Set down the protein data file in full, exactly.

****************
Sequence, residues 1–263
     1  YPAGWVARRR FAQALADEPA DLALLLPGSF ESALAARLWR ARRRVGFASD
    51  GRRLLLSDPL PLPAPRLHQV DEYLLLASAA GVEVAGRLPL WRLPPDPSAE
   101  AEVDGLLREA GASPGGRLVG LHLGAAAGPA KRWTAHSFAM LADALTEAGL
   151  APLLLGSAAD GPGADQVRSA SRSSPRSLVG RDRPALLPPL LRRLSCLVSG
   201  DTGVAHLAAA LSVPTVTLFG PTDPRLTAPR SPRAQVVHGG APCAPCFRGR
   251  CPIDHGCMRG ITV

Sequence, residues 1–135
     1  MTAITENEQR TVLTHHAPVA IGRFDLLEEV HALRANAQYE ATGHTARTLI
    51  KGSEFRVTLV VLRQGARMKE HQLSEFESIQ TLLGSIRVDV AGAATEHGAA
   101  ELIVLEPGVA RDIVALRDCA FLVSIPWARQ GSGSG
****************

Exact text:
Sequence, residues 1–263
     1  YPAGWVARRR FAQALADEPA DLALLLPGSF ESALAARLWR ARRRVGFASD
    51  GRRLLLSDPL PLPAPRLHQV DEYLLLASAA GVEVAGRLPL WRLPPDPSAE
   101  AEVDGLLREA GASPGGRLVG LHLGAAAGPA KRWTAHSFAM LADALTEAGL
   151  APLLLGSAAD GPGADQVRSA SRSSPRSLVG RDRPALLPPL LRRLSCLVSG
   201  DTGVAHLAAA LSVPTVTLFG PTDPRLTAPR SPRAQVVHGG APCAPCFRGR
   251  CPIDHGCMRG ITV

Sequence, residues 1–135
     1  MTAITENEQR TVLTHHAPVA IGRFDLLEEV HALRANAQYE ATGHTARTLI
    51  KGSEFRVTLV VLRQGARMKE HQLSEFESIQ TLLGSIRVDV AGAATEHGAA
   101  ELIVLEPGVA RDIVALRDCA FLVSIPWARQ GSGSG